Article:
Doing proper exercise
Join a gym, start running or dig out those old Rosemary Conley videos and start activating your glutes from the comfort of your living room. It’ll make you feel better, set you up for the day and, perhaps most importantly, you can irritate your colleagues with tales of your sporting prowess for the next eight (paid) hours.
Trimming your bush
No, you have a dirty mind. Get the secateurs out, whizz around your overgrown greenery like Charlie Dimmock with a belly full of jet fuel and show pesky Doris down the road that your hydrangeas rule them all. Good for the soul.
Do you know what’s fine? Showers. Do you know what’s great? Baths. Yes, they’re terrible for the environment, but the odd one is probably okay (if you solemnly swear to recycle anything and everything for the rest of your existence). Stretch out, watch your fingers shrivel and enjoy that soak – you’ve earned it. Well, at least as much as the next man.
Calling your family
Catching someone on the phone when they’re actually available is a rare art, but do you know who has free time at odd hours? Old people. Ring up your nan, shoot the breeze and earn approximately three million grandchild points.
Going to a proper supermarket
Real talk: those Tesco Metros and Sainsbury’s Locals are convenient, but everything costs a great deal more than they do in the proper-sized versions of the stores. Head to one bigger than the size of a classroom and the savings could be endless.
Making your own lunch
With 50 minutes added to your day, there’s no reason to be buying that same sandwich from Pret every lunchtime. Wheel the saucepan out and get going: if you can make a batch of lunches for the week, just think how much extra napping you could get in.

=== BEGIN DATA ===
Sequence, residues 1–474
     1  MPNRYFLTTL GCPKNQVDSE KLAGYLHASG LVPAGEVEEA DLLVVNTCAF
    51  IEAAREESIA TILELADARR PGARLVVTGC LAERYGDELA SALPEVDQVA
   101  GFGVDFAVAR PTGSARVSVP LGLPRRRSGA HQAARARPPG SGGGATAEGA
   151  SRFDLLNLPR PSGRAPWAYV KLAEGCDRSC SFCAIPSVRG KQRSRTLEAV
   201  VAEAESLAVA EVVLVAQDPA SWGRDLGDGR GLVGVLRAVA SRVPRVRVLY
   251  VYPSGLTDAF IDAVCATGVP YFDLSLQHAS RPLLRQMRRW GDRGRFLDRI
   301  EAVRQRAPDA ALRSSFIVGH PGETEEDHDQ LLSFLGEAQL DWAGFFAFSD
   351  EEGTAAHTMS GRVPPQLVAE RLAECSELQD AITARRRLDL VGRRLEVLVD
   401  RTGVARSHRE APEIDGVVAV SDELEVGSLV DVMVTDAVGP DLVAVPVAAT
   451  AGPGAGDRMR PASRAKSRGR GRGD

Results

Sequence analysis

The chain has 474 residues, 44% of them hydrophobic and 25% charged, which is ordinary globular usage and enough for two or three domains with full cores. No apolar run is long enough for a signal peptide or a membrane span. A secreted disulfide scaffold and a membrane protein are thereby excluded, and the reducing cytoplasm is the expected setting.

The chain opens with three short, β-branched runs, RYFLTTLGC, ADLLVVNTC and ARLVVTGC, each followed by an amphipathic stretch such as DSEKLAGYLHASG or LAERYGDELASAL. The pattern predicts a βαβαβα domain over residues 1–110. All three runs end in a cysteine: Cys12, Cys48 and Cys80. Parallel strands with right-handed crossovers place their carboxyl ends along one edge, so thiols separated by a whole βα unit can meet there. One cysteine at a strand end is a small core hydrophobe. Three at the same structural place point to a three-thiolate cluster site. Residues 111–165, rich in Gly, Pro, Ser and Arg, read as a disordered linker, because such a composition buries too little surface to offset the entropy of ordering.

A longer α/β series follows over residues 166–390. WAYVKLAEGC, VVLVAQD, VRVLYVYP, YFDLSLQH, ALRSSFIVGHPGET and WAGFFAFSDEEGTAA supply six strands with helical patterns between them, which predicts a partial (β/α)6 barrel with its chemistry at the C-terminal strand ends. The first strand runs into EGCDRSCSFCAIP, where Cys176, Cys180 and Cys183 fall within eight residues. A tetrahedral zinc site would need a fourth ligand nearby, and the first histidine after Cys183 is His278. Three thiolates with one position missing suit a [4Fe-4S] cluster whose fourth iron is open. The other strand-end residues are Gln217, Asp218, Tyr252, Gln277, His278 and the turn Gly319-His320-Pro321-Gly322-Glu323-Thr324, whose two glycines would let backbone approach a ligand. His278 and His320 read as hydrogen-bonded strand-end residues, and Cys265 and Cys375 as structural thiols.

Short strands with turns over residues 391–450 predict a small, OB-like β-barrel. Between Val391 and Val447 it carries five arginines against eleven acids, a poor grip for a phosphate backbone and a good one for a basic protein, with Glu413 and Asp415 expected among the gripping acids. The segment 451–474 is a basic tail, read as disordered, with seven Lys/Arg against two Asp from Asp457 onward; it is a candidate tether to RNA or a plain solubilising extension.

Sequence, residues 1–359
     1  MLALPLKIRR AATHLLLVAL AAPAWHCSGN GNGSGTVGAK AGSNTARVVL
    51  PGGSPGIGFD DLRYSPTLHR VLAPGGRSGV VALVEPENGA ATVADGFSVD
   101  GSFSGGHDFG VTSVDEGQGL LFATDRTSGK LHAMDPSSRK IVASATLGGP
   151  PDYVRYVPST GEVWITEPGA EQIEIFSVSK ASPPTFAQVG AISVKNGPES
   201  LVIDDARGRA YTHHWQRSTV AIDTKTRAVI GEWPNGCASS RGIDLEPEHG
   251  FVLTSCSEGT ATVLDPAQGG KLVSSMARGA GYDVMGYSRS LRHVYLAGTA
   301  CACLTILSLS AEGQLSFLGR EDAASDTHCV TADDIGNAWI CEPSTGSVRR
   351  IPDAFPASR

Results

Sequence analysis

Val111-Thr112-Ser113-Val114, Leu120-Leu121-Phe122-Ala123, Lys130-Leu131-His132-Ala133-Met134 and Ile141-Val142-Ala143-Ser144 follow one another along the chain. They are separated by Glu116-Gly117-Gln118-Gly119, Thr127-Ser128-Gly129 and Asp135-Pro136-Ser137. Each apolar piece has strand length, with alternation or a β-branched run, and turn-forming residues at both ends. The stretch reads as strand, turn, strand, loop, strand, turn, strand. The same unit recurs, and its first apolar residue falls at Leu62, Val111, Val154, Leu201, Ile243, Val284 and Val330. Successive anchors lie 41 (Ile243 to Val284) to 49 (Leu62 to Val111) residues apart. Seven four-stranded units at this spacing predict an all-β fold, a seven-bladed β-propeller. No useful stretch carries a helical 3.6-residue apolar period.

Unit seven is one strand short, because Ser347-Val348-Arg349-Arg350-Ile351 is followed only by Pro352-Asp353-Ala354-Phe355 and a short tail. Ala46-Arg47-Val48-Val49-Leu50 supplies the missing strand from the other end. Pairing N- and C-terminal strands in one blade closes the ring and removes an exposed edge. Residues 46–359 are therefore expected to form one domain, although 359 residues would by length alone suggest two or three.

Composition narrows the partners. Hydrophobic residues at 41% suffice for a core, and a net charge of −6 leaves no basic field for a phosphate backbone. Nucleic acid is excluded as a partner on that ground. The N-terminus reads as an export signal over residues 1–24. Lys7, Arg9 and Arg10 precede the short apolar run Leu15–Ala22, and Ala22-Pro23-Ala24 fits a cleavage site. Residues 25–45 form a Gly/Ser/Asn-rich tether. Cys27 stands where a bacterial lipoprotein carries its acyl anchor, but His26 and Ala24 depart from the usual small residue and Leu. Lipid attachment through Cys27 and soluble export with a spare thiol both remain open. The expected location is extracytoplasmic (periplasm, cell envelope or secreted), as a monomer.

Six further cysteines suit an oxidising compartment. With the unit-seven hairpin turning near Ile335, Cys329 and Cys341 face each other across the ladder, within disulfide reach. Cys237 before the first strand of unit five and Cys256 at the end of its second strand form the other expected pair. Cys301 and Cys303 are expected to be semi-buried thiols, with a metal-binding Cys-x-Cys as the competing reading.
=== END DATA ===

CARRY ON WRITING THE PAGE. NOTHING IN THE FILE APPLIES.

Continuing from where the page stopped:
Having coffee at home
Without the need to shoot straight out of the door in the morning, you could, whisper it, drink coffee at home. Your addiction to expertly frothed cappuccinos costs £15k over the course of your lifetime – think about that, cry a little, and then get yourself a jar of the instant stuff, stat.
Buying clothes in person
Online shopping is convenient, sure, but less convenient is returning all the things that look nothing like the image you thought you were purchasing when you tapped haphazardly through the Asos app at 2am. Go to a shop, try things on like a real human and then only buy what you like. Sorted.
Get a grown-up hobby
Life drawing. Pottery. Weaving. All of these things effectively have zero value in the modern world, but if you’re in the market for a new skill, why not get yourself to some classes? Yes, advanced origami sounds niche for now, but who knows who’ll be in need of those essential talents when the apocalypse hits. Sure as hell beats answering your work emails, unpaid.
Take up an instrument
Music. Makes the people. Come together. Yeah. So sang Madonna, so it must be true: with almost an hour at your disposal each day, your future as a professional flautist has never looked so bright.
As inexplicably rich as they are inexplicably irritating, vloggers – who film themselves undertaking mundane tasks – are the future of our economy (or something). Turn the webcam on and wait for the cash to start rolling in.
Broken stuff is annoying. But even more annoying? Paying to replace it because you don’t have time to get anything fixed. Sew that hole in your cardigan, tighten the dodgy screw in your door and be grateful you’ve now absolved yourself of the need to make awkward small talk with handymen. You could ask a man friend to do this for you but – hey – they’re already in the pub not working for free.